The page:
Cherilyn Drew enjoys summertime getaways to her cabin on Shuswap Lake north of Herald Park.
While she’s happy the lake gives enjoyment to so many, she is alarmed and frustrated by what she says is an increasing number of powerful boats.
“I am really noticing more cigar boats on the lake this year – several times a day and it concerns me safety wise,” Drew says. “They’re frightening and I don’t see how they can exist with other activities on the lake.”
Drew says prior to this year, she has seen the occasional cigar boat travelling primarily along the south side of the lake.
Friends who have a cabin on Anstey Arm have complained they are also seeing many more and their neighbour advised the boats have been banned from Okanagan Lake.
“They’re starting to come up the middle of the lake and they’re super loud, like a plane,” Drew says. “And they’re travelling really close to you so there is no way they could react to a small boat or a kayak.”
Drew recounts a rescue she and her brother undertook in Blind Bay when a Rotary exchange student was injured by a boat propeller while she was swimming beyond the buoys.
She says it took just 30 seconds to a minute of the boat operator’s inattention for the accident to happen.
“I can’t imagine how long a cigar boat would have to react, maybe a millisecond,” Drew says. “It seems crazy with the amount of traffic on the lake. I don’t see that they’re compatible.”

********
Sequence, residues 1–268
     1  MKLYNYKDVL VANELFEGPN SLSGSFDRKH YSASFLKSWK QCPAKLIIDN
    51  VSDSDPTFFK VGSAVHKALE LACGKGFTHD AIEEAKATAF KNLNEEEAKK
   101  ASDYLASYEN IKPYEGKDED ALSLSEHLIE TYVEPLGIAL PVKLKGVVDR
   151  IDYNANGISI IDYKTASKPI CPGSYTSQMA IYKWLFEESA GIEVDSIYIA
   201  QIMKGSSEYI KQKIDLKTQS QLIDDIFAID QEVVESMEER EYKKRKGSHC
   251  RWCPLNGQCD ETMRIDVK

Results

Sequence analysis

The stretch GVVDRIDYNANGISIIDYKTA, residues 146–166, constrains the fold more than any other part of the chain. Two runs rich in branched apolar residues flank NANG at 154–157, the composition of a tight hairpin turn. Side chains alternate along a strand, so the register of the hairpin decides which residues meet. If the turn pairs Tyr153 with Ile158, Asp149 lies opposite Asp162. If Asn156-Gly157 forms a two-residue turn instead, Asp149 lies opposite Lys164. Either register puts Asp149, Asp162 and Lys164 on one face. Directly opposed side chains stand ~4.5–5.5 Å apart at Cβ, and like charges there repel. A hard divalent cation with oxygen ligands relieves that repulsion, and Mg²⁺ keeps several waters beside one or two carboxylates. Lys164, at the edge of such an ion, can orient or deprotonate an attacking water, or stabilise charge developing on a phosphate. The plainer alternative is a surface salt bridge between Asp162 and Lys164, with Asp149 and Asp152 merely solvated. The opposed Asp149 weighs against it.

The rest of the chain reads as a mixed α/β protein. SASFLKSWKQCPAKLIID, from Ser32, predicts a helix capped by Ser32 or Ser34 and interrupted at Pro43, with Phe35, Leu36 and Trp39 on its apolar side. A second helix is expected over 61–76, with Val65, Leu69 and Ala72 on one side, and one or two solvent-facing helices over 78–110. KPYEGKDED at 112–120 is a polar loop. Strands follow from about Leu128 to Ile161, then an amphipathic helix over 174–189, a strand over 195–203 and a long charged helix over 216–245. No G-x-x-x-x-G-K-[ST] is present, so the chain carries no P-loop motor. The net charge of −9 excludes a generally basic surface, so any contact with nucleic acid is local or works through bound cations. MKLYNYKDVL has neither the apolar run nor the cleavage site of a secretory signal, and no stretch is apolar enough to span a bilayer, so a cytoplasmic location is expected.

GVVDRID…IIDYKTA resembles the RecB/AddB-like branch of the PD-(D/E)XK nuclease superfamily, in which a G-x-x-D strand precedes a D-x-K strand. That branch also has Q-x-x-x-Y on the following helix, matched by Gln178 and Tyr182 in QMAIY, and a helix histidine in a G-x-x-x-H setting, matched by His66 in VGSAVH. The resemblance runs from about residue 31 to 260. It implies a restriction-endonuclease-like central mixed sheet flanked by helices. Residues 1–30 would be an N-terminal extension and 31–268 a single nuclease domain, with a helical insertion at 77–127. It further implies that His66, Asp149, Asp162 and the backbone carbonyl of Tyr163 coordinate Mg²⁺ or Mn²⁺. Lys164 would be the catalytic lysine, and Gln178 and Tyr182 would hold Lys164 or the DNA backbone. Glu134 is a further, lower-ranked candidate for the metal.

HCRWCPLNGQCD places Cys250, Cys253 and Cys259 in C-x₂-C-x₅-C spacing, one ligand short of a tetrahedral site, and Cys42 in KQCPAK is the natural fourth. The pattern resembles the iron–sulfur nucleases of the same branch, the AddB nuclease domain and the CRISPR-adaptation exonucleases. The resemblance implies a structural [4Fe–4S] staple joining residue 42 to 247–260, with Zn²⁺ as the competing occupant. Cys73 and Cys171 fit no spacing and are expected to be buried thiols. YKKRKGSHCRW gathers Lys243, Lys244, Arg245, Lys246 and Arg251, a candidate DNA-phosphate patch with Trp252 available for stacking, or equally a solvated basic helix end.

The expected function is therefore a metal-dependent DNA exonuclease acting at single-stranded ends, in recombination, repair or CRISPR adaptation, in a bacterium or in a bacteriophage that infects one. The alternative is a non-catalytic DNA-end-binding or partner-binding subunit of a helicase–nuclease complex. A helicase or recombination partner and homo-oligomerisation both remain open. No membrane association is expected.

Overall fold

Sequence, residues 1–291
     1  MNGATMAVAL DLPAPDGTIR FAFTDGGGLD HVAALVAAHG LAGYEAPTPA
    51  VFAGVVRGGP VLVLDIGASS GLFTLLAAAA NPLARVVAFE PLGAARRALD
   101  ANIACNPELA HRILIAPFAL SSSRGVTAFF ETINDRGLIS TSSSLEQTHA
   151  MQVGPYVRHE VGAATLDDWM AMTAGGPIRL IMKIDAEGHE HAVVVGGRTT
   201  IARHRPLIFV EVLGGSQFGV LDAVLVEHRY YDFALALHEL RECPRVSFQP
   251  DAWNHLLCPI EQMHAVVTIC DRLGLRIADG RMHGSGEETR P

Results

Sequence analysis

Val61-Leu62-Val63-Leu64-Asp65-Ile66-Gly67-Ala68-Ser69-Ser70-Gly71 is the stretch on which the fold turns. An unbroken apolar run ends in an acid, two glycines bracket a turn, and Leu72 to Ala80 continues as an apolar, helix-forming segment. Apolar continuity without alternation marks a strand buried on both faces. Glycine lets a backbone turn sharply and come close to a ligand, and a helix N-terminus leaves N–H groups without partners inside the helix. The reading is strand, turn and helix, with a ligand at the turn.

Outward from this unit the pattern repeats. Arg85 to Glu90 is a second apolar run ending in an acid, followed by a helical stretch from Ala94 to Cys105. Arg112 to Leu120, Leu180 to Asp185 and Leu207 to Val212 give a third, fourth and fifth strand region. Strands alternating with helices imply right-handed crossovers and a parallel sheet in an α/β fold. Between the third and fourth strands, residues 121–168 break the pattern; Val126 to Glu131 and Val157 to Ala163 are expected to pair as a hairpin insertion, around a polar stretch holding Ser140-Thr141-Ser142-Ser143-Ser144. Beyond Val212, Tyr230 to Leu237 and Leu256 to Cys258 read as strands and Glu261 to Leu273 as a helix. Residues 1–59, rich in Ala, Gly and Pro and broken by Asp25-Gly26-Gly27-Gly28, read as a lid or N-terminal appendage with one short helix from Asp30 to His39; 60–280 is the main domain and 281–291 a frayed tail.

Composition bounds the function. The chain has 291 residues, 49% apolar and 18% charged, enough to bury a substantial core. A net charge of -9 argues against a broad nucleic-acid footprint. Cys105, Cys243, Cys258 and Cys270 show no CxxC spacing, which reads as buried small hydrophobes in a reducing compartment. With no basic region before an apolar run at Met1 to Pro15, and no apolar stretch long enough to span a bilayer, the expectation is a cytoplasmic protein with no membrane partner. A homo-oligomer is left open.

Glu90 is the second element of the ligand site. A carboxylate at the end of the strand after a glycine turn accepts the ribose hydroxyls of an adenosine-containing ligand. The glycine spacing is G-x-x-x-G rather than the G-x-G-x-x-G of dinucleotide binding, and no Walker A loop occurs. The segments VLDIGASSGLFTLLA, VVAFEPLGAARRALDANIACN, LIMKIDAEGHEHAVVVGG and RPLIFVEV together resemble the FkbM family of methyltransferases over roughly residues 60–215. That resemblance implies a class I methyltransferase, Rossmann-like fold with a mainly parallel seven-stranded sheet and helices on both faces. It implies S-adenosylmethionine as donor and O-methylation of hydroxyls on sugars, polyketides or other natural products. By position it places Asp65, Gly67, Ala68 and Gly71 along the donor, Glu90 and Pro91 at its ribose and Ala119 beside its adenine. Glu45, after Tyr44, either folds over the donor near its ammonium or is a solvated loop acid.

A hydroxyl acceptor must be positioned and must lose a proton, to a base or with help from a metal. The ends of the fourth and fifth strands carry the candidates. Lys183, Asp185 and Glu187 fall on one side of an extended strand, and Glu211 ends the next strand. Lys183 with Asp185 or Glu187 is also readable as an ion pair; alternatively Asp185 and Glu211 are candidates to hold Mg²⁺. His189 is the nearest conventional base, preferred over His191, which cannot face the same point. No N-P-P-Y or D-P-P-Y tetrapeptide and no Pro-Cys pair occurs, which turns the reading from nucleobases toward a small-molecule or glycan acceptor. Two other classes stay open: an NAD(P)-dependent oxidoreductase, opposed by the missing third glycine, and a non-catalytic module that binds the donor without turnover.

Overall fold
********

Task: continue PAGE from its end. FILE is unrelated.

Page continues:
Cpl J.R. Lechky of the Sicamous RCMP detachment understands Drew’s concerns but says the police are only able to conduct safety checks, enforce regulations regarding safety and make sure people have.
The only place on Shuswap Lake that has a speed limit is Cinnemousun Narrows. Everywhere else is wide open to boat operators.
But Lechky says the new wake-boarding fad has brought a proliferation of ski and wake boats that are a lot louder and a lot more disruptive.
“We were out on Canada Day and they’re just as loud and making twice the wake as the cigar boats,” he said.
Lechky says Transport Canada is the federal body responsible for vessel regulations and so far there are none for Shuswap Lake. Okanagan Lake was able to ban cigar boats following a successful application to Transport Canada.
“It is not necessarily a problem that will be easily addressed in an immediate time; it’s going to be quite a long time sorting this out,” he said, adding a word of caution to those who operate their boats unsafely. “My own personal belief is, if there is to be an accident, I would find it difficult to believe the guy running that boat wouldn’t be found guilty (in a civil suit).”
In a July 10 email, Transport Canada says it is committed to improving safety of navigation and protecting the environment.
“Under the Vessel Operation Restriction Regulations, local authorities can apply to the federal government to impose restrictions to navigation in specified Canadian waters,” reads the email, noting regulations are amended yearly. “The amendments represent the final stage for a local authority to receive federal approval to restrict navigation in their area. Involved stakeholders working together can often find more timely, effective and affordable solutions.”